Chapter Ten

Global Oppression

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Source: John Backderf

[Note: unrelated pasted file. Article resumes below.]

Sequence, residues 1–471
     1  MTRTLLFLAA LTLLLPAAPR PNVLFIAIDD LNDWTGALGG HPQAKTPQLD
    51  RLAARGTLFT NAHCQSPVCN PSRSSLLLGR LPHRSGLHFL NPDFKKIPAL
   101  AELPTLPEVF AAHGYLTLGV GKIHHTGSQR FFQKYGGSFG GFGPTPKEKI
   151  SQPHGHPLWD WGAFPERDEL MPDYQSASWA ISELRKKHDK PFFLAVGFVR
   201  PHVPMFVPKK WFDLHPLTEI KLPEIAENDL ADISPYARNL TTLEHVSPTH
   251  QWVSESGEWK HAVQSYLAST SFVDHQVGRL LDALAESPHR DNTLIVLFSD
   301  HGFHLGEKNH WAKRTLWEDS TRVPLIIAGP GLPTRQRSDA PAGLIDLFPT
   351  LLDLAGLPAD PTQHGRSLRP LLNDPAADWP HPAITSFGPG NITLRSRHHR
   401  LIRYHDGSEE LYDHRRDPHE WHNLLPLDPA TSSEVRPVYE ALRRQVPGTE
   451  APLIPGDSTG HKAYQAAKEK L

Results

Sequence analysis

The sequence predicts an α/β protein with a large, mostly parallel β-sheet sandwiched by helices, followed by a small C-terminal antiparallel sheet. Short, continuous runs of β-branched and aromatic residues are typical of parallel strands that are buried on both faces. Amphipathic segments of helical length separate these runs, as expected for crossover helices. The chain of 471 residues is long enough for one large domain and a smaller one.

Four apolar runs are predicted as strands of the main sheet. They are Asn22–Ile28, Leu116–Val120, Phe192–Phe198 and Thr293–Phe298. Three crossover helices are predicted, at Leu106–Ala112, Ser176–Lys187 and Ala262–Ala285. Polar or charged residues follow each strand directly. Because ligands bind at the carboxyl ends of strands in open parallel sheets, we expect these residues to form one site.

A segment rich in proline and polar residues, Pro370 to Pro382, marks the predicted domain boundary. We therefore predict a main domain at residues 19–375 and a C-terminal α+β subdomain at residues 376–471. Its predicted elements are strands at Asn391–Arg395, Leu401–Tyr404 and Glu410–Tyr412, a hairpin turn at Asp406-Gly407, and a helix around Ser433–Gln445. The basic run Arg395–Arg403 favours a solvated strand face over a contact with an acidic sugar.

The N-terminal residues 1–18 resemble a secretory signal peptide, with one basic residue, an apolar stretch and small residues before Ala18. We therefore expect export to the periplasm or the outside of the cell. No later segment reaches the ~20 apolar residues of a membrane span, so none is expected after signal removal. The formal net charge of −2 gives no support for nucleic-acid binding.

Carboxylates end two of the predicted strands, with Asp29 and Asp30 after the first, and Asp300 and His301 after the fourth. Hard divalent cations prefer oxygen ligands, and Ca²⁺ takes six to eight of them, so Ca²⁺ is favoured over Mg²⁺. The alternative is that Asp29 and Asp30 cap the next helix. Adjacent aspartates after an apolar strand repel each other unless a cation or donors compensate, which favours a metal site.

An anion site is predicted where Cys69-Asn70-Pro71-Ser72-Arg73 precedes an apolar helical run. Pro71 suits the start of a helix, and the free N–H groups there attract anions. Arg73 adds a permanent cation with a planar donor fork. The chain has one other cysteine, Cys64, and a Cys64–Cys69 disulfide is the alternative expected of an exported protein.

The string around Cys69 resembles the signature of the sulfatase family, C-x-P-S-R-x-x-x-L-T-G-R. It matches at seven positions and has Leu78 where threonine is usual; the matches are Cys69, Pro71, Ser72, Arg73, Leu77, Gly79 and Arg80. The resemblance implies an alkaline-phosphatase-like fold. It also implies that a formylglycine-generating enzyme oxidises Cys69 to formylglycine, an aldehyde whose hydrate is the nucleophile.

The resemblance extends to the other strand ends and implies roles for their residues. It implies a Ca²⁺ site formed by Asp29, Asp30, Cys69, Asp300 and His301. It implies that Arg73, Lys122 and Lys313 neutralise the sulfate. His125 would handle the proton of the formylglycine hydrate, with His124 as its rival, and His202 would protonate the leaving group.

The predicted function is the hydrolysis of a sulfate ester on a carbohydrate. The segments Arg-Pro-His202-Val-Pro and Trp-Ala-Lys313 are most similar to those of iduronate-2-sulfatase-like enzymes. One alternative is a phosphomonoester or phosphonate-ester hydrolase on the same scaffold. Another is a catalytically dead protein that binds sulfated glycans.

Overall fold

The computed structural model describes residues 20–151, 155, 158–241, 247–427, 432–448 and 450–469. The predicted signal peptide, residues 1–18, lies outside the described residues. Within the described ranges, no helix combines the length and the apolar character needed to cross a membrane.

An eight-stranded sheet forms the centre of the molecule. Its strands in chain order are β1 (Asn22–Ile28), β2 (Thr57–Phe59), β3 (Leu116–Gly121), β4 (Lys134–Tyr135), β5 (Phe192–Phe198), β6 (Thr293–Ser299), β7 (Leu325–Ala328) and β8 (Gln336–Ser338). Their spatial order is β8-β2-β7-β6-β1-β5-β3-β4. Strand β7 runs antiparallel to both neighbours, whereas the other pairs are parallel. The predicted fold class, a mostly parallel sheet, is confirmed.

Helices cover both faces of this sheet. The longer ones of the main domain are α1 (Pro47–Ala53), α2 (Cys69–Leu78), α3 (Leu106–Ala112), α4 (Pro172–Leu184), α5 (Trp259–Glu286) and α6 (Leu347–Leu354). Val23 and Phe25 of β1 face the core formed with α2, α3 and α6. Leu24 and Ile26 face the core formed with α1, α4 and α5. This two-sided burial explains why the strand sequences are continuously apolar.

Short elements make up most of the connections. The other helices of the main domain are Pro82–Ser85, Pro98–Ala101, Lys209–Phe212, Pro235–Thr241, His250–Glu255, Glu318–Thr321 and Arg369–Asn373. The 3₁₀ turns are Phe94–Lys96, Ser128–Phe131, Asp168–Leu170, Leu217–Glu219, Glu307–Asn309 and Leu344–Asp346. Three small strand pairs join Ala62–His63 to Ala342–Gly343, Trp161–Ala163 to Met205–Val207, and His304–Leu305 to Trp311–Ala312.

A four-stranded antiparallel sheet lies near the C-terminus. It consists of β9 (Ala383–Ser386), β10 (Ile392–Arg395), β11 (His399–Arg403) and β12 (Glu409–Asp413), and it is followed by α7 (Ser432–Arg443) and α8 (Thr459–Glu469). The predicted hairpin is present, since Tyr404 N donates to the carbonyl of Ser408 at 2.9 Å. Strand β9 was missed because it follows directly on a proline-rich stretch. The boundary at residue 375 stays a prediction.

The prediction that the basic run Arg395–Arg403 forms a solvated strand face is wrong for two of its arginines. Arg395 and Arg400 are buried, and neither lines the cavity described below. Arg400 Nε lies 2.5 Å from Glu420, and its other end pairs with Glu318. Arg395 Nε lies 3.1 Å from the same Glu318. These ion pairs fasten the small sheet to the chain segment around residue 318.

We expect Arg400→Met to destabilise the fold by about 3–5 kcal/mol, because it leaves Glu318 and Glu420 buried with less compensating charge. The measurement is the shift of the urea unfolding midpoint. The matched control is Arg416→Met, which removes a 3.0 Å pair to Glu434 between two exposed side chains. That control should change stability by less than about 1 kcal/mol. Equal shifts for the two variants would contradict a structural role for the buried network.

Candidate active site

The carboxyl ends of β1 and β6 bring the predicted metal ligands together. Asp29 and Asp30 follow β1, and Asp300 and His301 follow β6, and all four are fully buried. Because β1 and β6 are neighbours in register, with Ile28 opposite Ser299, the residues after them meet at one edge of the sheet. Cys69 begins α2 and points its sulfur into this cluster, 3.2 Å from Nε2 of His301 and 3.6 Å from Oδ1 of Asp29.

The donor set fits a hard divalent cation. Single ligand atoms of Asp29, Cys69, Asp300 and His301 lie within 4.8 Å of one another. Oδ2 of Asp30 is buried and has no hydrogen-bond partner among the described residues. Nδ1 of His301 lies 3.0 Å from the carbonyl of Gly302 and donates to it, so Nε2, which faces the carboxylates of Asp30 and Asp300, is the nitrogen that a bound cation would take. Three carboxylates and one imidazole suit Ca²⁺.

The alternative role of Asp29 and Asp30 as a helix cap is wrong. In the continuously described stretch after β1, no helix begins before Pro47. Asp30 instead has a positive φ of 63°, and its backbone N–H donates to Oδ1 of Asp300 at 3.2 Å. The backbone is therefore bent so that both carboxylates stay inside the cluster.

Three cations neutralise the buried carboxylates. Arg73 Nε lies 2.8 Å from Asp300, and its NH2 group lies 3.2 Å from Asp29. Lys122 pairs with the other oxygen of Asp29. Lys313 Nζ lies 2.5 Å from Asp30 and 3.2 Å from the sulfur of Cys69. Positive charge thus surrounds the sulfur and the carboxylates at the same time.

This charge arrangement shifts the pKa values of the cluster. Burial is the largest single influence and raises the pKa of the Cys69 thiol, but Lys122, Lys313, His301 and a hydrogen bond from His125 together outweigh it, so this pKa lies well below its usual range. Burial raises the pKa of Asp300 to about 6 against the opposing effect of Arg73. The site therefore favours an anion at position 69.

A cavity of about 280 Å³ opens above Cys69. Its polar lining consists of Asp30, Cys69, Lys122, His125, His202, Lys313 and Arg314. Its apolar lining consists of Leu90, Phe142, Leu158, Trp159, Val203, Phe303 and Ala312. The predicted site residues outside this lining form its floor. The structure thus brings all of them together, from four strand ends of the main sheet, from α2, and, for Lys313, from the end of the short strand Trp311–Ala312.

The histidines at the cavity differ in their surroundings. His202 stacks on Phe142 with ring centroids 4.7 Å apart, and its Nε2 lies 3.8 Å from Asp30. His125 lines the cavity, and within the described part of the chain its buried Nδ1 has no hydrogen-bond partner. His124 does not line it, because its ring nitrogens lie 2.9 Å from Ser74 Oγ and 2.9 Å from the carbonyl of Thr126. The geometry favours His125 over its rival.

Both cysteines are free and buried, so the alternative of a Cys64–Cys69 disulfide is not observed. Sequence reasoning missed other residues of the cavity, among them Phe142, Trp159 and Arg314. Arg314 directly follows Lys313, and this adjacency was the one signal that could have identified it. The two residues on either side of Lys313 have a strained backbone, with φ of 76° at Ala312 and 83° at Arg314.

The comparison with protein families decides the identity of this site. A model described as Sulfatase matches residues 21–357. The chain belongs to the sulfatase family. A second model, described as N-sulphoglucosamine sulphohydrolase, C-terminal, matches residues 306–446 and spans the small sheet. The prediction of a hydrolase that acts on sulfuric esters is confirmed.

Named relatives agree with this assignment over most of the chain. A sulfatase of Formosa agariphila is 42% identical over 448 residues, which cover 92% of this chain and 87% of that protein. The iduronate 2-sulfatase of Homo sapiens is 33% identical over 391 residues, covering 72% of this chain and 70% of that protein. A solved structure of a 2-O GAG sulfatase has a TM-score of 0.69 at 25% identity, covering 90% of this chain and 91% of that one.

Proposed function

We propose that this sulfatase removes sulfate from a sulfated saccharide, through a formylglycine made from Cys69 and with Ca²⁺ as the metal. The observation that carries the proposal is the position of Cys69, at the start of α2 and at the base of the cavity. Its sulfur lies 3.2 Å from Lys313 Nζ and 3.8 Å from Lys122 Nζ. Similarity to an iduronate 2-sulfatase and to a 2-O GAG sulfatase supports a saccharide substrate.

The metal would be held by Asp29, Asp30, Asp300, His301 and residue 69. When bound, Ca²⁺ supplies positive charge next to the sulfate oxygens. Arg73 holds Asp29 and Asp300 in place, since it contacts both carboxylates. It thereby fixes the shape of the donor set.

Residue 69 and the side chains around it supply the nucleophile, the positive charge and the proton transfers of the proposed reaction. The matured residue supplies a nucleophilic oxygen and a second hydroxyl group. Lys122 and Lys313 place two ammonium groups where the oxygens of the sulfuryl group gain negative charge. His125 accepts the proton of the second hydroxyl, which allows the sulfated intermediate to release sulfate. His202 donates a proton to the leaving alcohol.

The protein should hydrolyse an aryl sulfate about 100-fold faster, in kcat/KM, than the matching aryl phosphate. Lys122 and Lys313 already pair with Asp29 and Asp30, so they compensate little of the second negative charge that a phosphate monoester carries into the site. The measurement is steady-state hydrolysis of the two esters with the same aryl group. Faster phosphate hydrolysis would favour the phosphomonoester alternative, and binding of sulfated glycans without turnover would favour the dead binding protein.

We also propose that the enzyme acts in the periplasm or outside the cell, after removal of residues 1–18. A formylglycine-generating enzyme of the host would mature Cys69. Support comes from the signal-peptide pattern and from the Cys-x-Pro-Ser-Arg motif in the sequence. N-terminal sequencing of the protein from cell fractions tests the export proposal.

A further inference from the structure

RECENT CHAPTERS HAVE focused on anxieties about potential economic dysfunctions linked to globalization and greater openness. We've seen that problems such as concentration and inequality—problems relating to the economic consequences of markets not working—can occur, but also that they are not nearly as damaging as popular perceptions suggest, and that there are ways that national governments can manage them while still pursuing greater openness. Market failures are not, therefore, an insurmountable barrier to World 3.0; on the contrary, they help define the contours of a kind of limited ...

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